As his party absorbed a crushing election defeat, Indian Prime Minister
In a brief valedictory address, Singh said all Indians must respect the verdict of voters who drummed his Indian National
"In the last 10 years, we as a country have seen many successes and achievements that we should be proud of," Singh said in stiff, formal remarks delivered from his office in New Delhi. "Today, India is a far stronger country in every respect than it was a decade ago."
Singh, 81, turned in his resignation to India's president, the head of state, a formality that paves the way for the BJP's leader, Narendra Modi, to be named prime minister and appoint his Cabinet.
The Cambridge-educated Singh, a Sikh, was the first Indian prime minister from a minority community. As a respected economist and former finance minister, he presided over a doubling in size of India's economy, implemented key market reforms including reducing gas subsidies, and improved relations with rival Pakistan, with whom India is enjoying one of its longest periods of peace.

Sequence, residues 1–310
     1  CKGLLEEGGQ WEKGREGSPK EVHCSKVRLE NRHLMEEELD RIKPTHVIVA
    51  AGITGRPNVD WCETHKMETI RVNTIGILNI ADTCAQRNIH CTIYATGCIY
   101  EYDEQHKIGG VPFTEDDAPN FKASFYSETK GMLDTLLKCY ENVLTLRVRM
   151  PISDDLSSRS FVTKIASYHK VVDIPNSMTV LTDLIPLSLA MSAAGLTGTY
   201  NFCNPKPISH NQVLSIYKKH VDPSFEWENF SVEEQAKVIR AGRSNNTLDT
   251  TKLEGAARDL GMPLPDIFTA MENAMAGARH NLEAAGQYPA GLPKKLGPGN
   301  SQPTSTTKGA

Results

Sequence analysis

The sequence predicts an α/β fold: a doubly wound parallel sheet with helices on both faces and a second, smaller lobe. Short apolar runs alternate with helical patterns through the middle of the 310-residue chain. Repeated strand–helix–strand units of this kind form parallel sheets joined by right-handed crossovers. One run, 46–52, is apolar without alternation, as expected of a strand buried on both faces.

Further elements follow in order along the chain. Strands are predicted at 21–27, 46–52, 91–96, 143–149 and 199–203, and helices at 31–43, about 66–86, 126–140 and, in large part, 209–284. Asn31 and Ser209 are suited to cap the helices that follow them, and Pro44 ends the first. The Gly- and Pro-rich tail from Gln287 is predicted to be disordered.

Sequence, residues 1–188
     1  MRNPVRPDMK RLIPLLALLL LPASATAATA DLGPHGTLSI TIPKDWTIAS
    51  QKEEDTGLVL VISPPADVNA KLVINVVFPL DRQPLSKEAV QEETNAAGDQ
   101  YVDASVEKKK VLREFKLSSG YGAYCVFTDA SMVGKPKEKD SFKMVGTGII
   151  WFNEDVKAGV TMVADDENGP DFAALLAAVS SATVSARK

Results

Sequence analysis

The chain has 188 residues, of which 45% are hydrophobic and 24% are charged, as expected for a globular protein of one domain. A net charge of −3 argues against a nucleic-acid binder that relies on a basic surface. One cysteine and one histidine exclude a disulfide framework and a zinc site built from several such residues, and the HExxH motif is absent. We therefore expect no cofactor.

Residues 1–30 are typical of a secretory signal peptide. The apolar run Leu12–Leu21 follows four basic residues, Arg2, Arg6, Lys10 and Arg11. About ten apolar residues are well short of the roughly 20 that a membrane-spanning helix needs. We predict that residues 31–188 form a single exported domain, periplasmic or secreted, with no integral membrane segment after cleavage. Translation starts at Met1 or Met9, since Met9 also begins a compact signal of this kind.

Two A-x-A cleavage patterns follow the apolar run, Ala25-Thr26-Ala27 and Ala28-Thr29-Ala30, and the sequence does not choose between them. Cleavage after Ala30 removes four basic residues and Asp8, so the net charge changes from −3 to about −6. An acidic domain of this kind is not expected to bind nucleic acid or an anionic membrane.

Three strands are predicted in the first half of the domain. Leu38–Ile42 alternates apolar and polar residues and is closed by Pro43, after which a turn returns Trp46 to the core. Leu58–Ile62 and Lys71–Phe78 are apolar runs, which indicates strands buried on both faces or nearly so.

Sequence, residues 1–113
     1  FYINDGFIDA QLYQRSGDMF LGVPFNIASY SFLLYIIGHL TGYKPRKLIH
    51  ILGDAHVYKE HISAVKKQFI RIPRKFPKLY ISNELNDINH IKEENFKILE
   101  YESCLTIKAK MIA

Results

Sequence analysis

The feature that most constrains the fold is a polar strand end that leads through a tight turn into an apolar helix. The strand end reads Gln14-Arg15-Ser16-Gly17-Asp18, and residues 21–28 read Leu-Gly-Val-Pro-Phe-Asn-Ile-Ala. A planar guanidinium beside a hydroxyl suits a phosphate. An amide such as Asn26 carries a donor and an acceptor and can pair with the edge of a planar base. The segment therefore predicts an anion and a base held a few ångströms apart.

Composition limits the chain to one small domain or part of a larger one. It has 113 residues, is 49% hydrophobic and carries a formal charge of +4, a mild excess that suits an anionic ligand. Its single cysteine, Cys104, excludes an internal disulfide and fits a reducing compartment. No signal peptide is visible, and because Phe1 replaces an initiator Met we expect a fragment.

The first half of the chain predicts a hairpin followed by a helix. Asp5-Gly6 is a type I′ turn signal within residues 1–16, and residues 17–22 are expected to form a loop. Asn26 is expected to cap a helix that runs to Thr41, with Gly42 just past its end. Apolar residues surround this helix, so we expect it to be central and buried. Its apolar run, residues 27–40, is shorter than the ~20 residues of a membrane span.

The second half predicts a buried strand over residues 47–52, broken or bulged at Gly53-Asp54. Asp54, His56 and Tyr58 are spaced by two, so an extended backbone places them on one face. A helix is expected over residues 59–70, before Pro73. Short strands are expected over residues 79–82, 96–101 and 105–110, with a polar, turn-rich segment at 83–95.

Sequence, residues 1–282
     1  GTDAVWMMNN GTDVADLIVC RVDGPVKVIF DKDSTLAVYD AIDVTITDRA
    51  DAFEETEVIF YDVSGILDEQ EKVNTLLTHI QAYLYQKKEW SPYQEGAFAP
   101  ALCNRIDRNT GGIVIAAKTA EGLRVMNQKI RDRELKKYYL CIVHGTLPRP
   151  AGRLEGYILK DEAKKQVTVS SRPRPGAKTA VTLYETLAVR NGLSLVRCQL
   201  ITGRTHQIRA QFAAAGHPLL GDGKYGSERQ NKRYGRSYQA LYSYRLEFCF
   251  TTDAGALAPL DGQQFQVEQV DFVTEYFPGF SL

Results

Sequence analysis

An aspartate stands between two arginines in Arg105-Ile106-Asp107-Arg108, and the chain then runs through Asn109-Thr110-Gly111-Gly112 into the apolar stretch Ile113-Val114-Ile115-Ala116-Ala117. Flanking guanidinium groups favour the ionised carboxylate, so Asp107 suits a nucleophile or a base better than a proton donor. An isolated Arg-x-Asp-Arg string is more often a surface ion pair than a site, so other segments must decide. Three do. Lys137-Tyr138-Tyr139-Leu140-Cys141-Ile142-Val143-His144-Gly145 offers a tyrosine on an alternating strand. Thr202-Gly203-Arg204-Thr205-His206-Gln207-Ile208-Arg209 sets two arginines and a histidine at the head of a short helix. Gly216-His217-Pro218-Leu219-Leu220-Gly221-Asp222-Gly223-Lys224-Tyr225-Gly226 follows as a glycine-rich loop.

He enjoyed good relations with the United States, especially President
But the reserved, bookish prime minister fell from grace during his second five-year term when a series of major corruption scandals implicated top members of the Congress party and India's economic growth rate, which had hovered around 10%, slipped below 5% last year.
Despite his reputation for personal probity, Singh was widely criticized for failing to confront corrupt party bosses and for seeming ineffectual and even inaccessible. In 10 years, he gave just three full press conferences.
A recent book by a former Congress official, Sanjaya Baru, portrayed Singh as painfully passive and abdicating real power to the party's matriarch, Sonia Gandhi, the widow of former Prime Minister Rajiv Gandhi.
Yet supporters say that Singh will be remembered in future years as having restored calm to the nation following deadly Hindu-Muslim riots in 2002 in Gujarat, where Modi was serving as chief executive.
"During his term, he never lost sight of the constant need to heal the wounds and pursue reconciliation at home," a former media adviser to Singh, Harish Khare, wrote last week in the weekly Outlook magazine.
In his farewell remarks, Singh wished the incoming government "every success."